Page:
Police arrest man in connection with Berbick slaying
KINGSTON, Jamaica -- A 20-year-old man was arrested in connection with the killing of former heavyweight champion Trevor Berbick, who was bludgeoned and left to die in a church courtyard next to his family's home in a rural hamlet.
Several residents of the remote farming community in Norwich district said the suspect was involved in a land dispute with the troubled boxer.
Les Green, a Scottish detective who this year was appointed assistant police commissioner of the violence-wracked nation, refused to identify the man before his arraignment, which has not been scheduled.
"We have some very good information from witnesses, and we have recovered a weapon we believe was used in the assault," he said Sunday.
Green would not say what kind of weapon was recovered or where it was found. Forensic tests would be completed on the weapon Monday, he said.
Police would not say if others were suspected of being involved in the slaying of Berbick, who is best remembered as boxing legend Muhammad Ali's final opponent in 1981. Green said detectives were investigating whether a family conflict sparked the attack, but he declined to provide further details.
"A domestic argument may be the root of the attack on Trevor Berbick, and detectives have been working hard on this inquiry," Green said. "They have interviewed some significant witnesses."
Investigators arrested the suspect several hours after Berbick's body was discovered about 6:30 a.m. Saturday in his hometown parish of Portland, about 80 miles east of Kingston. Berbick, who was believed to be 52, was pronounced dead by a local doctor in the church courtyard next to the three-bedroom house where he was raised.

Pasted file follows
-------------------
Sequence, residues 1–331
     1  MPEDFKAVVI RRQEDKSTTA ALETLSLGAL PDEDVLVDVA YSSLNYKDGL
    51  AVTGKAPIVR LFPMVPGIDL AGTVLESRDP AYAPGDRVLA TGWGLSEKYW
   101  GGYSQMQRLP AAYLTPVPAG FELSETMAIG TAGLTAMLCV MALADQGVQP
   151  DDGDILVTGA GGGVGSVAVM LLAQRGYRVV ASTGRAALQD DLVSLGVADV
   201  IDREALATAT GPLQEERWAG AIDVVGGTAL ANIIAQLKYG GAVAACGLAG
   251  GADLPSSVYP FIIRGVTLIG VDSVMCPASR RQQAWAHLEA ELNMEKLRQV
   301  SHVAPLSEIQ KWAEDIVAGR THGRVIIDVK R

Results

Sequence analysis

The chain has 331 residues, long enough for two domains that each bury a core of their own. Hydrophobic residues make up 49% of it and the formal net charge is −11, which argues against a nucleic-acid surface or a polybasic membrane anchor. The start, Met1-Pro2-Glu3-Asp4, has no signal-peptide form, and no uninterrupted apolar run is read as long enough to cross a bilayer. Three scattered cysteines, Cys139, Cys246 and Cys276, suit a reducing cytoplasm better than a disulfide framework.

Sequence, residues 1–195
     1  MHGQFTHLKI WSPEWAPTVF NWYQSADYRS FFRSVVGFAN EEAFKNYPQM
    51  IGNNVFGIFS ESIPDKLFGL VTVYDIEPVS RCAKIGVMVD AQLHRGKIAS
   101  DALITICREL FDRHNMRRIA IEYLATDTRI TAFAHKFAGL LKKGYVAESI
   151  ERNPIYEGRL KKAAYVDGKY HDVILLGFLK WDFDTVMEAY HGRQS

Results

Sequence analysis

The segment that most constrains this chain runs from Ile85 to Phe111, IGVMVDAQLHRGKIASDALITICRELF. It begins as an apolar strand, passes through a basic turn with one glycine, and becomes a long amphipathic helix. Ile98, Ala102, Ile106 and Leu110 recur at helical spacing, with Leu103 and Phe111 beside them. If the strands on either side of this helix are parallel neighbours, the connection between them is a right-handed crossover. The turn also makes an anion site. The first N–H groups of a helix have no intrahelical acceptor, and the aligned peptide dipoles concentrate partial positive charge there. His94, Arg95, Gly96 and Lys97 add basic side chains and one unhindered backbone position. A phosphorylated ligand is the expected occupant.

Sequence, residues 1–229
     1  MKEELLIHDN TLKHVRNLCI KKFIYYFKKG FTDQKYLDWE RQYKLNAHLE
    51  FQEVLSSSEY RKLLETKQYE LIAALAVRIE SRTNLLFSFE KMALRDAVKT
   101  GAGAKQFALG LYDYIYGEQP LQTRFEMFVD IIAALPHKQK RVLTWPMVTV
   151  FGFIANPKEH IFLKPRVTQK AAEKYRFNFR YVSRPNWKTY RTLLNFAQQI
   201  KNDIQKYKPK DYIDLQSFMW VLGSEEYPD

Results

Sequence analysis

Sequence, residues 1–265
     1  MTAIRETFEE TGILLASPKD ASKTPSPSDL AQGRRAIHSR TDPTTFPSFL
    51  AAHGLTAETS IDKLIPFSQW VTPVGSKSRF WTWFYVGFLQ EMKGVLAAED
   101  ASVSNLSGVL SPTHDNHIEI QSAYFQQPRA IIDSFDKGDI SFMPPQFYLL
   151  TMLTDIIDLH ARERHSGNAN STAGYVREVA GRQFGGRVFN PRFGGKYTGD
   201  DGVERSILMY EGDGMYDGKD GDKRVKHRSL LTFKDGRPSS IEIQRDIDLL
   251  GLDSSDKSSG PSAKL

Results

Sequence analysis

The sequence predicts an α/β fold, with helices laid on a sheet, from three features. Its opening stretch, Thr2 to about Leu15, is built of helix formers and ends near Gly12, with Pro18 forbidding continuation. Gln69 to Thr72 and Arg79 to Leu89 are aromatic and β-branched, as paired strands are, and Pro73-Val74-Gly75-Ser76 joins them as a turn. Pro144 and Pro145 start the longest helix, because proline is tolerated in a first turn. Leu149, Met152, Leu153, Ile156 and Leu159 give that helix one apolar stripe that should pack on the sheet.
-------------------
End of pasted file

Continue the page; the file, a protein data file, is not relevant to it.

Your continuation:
Detective Sgt. Kenneth Bailey of the Port Antonio police station in Portland told The Jamaica Gleaner that Berbick was last seen alive early Saturday at a nearby bar.
"The body had four wounds to the back of the head, as he was probably attacked from behind," Bailey told the newspaper. "The impression and damage done to the skull have indicated that a machete may have been used by his attacker or attackers to murder him."
After beating Ali in 1981 in an unanimous decision in the Bahamas, Berbick went on to win the WBC heavyweight title fours years later in a decision over Pinklon Thomas. His reign was short, however, as a 20-year-old Mike Tyson knocked out Berbick in the second round Nov. 22, 1986, to become the youngest heavyweight champ.
He fought from 1976 to 2000, finishing with a record of 50-11 with one draw and 33 knockouts. He also fought for his Caribbean homeland at the 1976 Montreal Olympics.
Following his retirement from the ring, Berbick was convicted in the U.S. for sexual assault, grand theft and burglary.
"We have our challenges in life, but Trevor seemed to handle his challenges very badly," said C. Lloyd Allen, former president of the Jamaica Boxing Board and a close friend. "Once he lost to Tyson, he just went down a slippery slope."
In 1991, Berbick was convicted for attacking his former business manager, who testified the boxer put a gun to her head and accused her of stealing money from him.
The following year, he was convicted of raping a family baby sitter in Florida and was sentenced to four years in prison. He also was convicted in 1992 for forging his former wife's signature to get a mortgage on a home.
After 15 months in prison, Berbick was deported from the U.S. He went to Canada, where he lived for a time following the 1976 Olympics. He eventually moved back to the U.S., but was deported a second time.
Funeral arrangements have not been announced by Berbick's family.
Copyright 2006 by The Associated Press